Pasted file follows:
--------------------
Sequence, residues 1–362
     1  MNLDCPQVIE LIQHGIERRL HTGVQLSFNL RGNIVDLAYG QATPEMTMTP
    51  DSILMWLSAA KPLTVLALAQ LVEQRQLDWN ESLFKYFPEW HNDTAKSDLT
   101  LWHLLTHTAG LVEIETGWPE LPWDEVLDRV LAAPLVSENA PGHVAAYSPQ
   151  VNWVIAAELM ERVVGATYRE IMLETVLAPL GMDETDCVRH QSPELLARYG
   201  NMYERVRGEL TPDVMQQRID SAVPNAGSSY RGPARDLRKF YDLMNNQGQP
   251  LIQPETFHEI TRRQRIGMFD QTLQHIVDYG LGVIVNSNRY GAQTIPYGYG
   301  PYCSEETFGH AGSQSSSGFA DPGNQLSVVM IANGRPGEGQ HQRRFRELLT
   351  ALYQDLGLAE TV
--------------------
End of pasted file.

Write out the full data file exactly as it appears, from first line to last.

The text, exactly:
Sequence, residues 1–362
     1  MNLDCPQVIE LIQHGIERRL HTGVQLSFNL RGNIVDLAYG QATPEMTMTP
    51  DSILMWLSAA KPLTVLALAQ LVEQRQLDWN ESLFKYFPEW HNDTAKSDLT
   101  LWHLLTHTAG LVEIETGWPE LPWDEVLDRV LAAPLVSENA PGHVAAYSPQ
   151  VNWVIAAELM ERVVGATYRE IMLETVLAPL GMDETDCVRH QSPELLARYG
   201  NMYERVRGEL TPDVMQQRID SAVPNAGSSY RGPARDLRKF YDLMNNQGQP
   251  LIQPETFHEI TRRQRIGMFD QTLQHIVDYG LGVIVNSNRY GAQTIPYGYG
   301  PYCSEETFGH AGSQSSSGFA DPGNQLSVVM IANGRPGEGQ HQRRFRELLT
   351  ALYQDLGLAE TV